Updated: September 28, 2023
US Reps. Ed Case (HI-01), and Tulsi Gabbard (HI-02) today jointly introduced in the US House H.R. 7045, a measure to pursue creation of Hawaiʻi’s first-ever National Forest.
“Hawai‘i is the most isolated island chain and one of the most ecologically diverse places in the world,” Case said in a press release.
“Within our constrained borders, we have ten of the thirteen world climate zones, and ecosystems ranging from the deserts to the tropics where plants and animals that found their way to Hawai‘i evolved like nowhere else.”
“Among our truly unique and endangered natural treasures are the only tropical rainforests of any state. Yet we are one of the very few states in our nation which has not recognized its special forest resources with a National Forest designation.”
“Hawai‘i’s forests are critical parts of our island ecosystems, home to the oldest living ancestors of this place – the flora and fauna that have so much to teach us about how to live sustainably. Our forests protect us from run-off, recharge our aquifers, provide habitat for native species, and connect us spiritually to this ‘āina. We must explore every avenue to protect them,” said Rep. Tulsi Gabbard.
A 2014 survey identified 9,975 endemic species in Hawai‘i, many of which are reliant on Hawaiʻi’s fragile ecosystem to survive. However, since the onset of human arrival, Hawai‘i has lost almost half of its native forest cover.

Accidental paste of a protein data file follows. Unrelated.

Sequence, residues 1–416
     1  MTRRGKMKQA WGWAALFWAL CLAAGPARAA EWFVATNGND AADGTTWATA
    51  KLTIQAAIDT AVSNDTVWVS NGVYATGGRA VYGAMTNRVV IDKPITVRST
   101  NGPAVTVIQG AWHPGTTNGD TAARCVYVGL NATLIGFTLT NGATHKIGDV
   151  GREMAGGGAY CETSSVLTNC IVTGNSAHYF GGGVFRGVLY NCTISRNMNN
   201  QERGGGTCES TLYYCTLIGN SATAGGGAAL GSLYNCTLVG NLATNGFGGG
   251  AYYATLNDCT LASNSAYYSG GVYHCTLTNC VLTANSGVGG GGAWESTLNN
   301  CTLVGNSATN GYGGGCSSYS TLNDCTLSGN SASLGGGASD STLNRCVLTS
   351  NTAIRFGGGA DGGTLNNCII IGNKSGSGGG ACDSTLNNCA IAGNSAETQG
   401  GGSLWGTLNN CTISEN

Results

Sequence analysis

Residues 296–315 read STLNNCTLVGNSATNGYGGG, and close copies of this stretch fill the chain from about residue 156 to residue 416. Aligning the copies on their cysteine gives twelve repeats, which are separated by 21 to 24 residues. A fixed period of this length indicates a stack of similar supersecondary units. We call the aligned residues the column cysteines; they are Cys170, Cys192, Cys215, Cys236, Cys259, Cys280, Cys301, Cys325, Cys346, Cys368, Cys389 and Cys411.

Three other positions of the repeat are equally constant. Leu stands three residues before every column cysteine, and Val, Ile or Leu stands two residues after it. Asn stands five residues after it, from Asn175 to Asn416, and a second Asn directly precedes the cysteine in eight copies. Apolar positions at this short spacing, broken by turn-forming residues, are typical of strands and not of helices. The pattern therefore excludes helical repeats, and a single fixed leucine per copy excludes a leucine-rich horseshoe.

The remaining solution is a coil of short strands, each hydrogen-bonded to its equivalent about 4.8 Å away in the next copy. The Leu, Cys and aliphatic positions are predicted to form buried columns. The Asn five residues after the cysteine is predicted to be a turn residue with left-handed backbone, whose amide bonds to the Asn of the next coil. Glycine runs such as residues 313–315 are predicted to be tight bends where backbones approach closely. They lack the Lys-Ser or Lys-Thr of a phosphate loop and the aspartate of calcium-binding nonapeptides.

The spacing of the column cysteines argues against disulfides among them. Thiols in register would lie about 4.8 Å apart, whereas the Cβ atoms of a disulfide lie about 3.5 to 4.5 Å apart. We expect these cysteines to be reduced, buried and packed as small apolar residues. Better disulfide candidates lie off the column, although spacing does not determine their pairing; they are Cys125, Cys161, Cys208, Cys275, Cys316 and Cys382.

The National Forest System comprises 154 national forests, 20 national grasslands and several other federal land designations containing 193 million acres. Its mission is to conserve land for a variety of uses to include watershed management, research, cultural site preservation, wildlife habitat management and research and outdoor recreation.
Case and Gabbard continued: “Our Hawai‘i National Forest Study Act would identify parcels of land that could later be incorporated into a National Forest that would fulfill the National Forest System’s mission. It would also help inventory how best to conserve and expand Hawai‘i’s native koa, ‘ōhi‘a and sandalwood forests can be conserved and expanded to lay the groundwork for establishment of a National Forest. This designation would also assist with federal resources for management and
The legislation follows a measure that the two members of the Hawai‘i Congressional delegation introduced in April that calls on the U.S. Department of the Interior to pursue another first for the state: the designation of a National Heritage Area.
Both members say Kaʻena Point, largely state-owned, is the perfect candidate for Hawaiʻi’s first National Heritage Area given its truly unique cultural, historic and environmental heritage and qualities. From designation of the first National Heritage Area in 1984, there are now 55 nationally, but none in Hawaiʻi.